A delegation from Saudi Arabia was told on Saturday that investing now in South America’s newest oil producing nation, Guyana, would be less expensive than even a year and a half down the road since the new petroleum hotspot is undergoing a major economic boom.
“I am just going to say to you one thing today, come and invest now, it will be too expensive for you to invest a year and a half from now, the decision is in your hands, the ball is in your court,” Guyana’s President, Dr. Irfaan Ali, told the visiting Saudi group, comprising government and private sector representatives.
Since ExxonMobil made its first world-class discovery at the Liza field in 2015, the company has found nearly 11 billion barrels of oil equivalent spread over 30 wells. The unprecedented deepwater success has seen investor interest in the country of just over 750,000, people at an all-time high.
“We do not have to sell Guyana anymore,” Mr. Ali told the gathering. “We just need to stick to the facts and the truth, and Guyana is blessed to sell itself naturally.”
The young Guyanese leader said the government is embarking on a journey that must position the country twenty-five years ahead of anyone else.
“We want to partner with you, we want to partner with the world. But you must understand that we also want to move quickly. We have an obligation to the people of this country to deliver to them as fast we can,” Mr. Ali urged.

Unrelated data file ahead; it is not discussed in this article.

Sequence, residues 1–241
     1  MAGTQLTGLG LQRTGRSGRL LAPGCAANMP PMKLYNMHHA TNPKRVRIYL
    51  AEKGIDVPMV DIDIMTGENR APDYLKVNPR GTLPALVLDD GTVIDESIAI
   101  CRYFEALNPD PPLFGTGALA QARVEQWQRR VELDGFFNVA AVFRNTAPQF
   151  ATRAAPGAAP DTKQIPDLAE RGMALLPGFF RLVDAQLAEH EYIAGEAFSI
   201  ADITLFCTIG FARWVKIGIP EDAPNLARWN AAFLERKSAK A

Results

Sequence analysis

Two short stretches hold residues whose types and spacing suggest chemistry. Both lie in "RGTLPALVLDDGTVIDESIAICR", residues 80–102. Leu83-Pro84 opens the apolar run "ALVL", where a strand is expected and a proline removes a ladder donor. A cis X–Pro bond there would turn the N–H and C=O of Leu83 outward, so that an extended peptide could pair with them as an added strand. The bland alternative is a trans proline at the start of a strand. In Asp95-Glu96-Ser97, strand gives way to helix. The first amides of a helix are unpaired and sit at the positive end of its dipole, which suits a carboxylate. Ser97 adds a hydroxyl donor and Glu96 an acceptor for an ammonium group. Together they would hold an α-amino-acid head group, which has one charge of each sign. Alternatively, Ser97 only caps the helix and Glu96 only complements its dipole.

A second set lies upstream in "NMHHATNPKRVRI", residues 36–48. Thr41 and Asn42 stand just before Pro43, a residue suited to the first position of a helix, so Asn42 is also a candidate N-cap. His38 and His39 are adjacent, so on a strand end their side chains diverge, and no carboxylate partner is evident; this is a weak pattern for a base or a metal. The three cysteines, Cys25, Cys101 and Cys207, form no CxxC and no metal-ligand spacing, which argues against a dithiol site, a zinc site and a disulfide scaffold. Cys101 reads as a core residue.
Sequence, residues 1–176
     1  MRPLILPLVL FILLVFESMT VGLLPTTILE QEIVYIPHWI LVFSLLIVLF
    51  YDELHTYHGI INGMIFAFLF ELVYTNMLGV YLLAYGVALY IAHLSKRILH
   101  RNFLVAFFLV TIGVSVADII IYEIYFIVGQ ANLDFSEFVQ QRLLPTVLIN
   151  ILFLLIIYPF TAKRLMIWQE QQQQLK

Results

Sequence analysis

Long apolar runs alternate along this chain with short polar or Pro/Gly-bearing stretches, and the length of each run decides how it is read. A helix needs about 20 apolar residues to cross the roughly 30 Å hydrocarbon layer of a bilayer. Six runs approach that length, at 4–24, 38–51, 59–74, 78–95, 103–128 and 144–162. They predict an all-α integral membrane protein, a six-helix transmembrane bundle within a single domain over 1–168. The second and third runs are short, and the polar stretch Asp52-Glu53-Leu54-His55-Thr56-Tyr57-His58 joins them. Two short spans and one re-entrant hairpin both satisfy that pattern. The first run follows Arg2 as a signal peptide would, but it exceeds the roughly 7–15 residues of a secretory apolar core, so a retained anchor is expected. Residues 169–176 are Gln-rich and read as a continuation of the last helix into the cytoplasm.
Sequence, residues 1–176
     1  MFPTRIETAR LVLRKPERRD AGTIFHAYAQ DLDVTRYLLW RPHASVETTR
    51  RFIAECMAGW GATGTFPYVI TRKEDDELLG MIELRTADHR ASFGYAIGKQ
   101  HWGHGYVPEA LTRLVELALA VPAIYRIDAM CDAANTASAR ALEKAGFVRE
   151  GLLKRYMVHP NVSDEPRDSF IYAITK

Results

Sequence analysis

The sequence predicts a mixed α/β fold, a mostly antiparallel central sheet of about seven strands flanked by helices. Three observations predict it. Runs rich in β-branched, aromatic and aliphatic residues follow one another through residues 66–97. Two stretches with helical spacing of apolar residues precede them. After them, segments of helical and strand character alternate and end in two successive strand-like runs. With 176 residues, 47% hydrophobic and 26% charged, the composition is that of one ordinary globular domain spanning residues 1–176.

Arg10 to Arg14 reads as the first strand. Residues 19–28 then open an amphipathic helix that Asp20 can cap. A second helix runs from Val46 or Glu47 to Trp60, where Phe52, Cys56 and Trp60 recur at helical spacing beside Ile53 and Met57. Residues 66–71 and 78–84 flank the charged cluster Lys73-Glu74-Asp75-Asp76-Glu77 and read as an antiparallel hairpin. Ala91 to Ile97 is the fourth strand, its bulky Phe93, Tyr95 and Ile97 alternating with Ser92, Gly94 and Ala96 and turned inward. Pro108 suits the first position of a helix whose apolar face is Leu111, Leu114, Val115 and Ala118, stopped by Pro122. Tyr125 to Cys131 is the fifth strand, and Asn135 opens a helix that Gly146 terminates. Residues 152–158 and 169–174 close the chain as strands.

Saudi Arabia’s Deputy Minister for Investors Outreach, Badr Al Badr, said tapping into the opportunities in Guyana is important since the Caribbean has become a priority zone for investments and business partnerships, for the Gulf oil producing state.
“Saudi Arabia is a good partner for Guyana, since it is the 16th largest economy in the world,” Al Badr said. “Additionally, for the past three years, the Kingdom has had a GDP growth averaging 4% over the last 25 years, and this year  the economy will grow by over 9%.”
He also pointed out that Saudi Arabian companies can bring knowledge in the introduction of the technologies and supplies needed for Guyana’s transition to becoming a major oil producer.